CT9 delay a threat to Guangdong
THE people of Guangdong will be the real victims if the construction of container Terminal 9 is delayed, says Director of Marine Tony Miller.
He said that for the sake of all involved he hoped the matter would be resolved quickly.'' Terminal 9 became embroiled in the growing Sino-British dispute after China's representative on the Joint Liaison Group, Guo Fengmin, said Hongkong had signed contracts for the project without consultation, an allegation the Government has denied.
The majority of the cargo passing through Hongkong port is produced in southern China.
Last year, Hongkong's container throughput rose by over 29 per cent to nearly eight million 20 ft equivalent units (TEUs).
Mr Miller said the demand for container terminals in Hongkong was due to cargo from southern China which was putting great pressure on mid-stream operations which grew by over 60 per cent last year.
He pointed out that a delay in the construction of Terminal 9, illustrated above, on the south-eastern end of Tsing Yi island would create undesirable congestion in the stream as it would have to handle the excess container throughput.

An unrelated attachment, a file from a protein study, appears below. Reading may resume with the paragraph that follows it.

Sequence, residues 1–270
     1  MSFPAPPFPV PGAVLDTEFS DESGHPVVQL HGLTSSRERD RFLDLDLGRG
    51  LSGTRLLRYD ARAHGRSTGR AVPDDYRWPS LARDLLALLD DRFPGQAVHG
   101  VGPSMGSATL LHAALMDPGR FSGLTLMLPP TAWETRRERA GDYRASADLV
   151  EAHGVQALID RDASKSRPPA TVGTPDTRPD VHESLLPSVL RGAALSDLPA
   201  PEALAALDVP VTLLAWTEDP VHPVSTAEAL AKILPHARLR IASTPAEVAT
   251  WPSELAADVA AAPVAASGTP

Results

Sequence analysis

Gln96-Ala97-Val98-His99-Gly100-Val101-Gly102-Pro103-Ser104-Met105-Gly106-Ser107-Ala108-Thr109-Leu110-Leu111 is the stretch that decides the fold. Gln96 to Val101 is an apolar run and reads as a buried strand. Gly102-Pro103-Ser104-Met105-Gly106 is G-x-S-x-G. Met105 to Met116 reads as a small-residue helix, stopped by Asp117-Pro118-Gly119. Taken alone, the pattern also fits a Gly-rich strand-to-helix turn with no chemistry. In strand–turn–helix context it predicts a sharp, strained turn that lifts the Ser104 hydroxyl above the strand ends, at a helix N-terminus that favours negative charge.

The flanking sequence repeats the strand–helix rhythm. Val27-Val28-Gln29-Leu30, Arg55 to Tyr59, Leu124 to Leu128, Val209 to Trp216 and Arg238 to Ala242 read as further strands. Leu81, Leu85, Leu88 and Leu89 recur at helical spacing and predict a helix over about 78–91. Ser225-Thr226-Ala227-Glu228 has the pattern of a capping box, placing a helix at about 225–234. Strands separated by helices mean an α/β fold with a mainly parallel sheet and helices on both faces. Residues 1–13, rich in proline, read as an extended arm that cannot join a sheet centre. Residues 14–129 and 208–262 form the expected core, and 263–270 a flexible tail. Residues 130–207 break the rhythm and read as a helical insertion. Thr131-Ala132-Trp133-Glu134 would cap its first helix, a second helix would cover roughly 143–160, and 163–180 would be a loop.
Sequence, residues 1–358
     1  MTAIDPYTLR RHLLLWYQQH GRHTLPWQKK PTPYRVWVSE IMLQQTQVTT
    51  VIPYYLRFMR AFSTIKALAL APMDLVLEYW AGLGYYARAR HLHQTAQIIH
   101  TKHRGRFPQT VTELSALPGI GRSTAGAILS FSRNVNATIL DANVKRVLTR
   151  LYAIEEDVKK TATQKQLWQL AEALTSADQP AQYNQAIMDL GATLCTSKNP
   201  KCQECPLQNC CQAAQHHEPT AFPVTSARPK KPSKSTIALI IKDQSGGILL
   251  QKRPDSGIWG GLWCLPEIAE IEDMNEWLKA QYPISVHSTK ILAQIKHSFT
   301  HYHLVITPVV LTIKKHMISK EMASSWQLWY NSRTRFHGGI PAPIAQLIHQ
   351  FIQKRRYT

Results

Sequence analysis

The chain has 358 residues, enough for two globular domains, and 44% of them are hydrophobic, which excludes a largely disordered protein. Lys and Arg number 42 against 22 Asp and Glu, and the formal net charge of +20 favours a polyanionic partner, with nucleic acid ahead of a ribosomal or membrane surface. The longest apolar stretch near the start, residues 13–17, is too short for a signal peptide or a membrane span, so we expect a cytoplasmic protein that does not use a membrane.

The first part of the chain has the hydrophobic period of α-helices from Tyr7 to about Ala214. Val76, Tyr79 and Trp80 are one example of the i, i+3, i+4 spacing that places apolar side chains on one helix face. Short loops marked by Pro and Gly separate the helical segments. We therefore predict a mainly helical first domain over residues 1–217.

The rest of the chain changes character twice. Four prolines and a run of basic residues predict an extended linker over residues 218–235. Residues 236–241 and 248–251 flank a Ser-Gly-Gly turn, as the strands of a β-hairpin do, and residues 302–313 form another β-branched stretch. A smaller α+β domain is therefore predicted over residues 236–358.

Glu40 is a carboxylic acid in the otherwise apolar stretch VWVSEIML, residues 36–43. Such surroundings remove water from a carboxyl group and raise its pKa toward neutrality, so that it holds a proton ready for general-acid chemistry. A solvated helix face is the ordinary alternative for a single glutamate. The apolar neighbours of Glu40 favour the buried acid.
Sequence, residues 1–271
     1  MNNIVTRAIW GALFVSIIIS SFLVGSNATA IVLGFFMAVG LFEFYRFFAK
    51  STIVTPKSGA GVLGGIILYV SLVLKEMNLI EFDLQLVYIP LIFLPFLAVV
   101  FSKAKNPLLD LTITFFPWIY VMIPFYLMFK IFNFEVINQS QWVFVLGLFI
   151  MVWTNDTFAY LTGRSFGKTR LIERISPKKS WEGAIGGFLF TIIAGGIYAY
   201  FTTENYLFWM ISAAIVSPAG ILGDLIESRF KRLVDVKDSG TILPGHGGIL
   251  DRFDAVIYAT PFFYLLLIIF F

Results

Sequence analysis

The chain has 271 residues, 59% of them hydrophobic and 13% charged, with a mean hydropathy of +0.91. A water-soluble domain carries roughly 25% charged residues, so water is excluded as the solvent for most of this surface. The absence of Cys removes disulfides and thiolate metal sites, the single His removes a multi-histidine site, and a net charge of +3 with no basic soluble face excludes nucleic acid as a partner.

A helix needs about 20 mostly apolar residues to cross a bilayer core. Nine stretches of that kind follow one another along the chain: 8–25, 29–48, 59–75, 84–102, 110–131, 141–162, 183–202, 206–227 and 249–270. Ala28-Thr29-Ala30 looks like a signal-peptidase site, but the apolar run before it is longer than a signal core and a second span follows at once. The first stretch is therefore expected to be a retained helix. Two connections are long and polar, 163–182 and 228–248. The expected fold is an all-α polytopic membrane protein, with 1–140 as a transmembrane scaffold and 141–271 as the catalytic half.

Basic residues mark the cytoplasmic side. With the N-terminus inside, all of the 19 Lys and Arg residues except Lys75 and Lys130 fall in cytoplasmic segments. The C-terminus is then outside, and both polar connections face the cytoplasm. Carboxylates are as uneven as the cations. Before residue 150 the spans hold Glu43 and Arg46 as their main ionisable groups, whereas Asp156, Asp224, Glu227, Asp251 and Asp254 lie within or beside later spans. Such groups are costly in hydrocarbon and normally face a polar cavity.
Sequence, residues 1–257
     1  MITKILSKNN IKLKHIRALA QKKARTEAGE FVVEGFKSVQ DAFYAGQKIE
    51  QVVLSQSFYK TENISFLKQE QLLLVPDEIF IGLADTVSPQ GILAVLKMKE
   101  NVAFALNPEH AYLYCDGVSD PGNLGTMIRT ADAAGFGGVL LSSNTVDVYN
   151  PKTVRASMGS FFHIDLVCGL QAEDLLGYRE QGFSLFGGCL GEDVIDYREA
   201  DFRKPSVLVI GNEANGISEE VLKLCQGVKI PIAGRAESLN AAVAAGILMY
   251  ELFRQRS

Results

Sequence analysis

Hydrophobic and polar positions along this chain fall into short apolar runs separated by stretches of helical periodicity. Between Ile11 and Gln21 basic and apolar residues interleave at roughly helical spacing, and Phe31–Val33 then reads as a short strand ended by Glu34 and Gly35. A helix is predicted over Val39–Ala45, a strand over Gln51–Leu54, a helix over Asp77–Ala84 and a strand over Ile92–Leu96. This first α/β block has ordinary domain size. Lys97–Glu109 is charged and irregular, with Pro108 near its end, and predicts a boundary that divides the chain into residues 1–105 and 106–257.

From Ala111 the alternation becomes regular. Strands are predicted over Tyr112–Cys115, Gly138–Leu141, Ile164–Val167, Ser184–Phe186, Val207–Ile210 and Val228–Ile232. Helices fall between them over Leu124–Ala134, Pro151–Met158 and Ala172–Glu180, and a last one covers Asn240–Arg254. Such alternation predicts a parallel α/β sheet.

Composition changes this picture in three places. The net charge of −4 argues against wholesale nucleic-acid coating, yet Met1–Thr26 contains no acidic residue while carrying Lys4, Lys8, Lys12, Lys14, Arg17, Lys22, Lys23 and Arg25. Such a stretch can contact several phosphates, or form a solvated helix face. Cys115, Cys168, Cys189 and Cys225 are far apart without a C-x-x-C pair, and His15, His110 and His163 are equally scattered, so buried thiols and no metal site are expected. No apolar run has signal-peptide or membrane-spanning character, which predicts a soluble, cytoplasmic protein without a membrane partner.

Mr Miller explained that the construction of container terminals in Hongkong was based on a five-year throughput forecast and the calculations showed that the first berths of Terminal 9 would be needed in mid-1995 when the berths of Terminal 8 reached capacity.
The first berth of Terminal 8, which is now under construction, will come on stream in August while Terminal 10 would be needed at the beginning of 1997.
Port Development Board secretary Tony Clark said the opening of Terminal 9 would be delayed if work did not begin by the middle of this year.
He hoped the technical briefings would be completed by March and work on the project could start soon.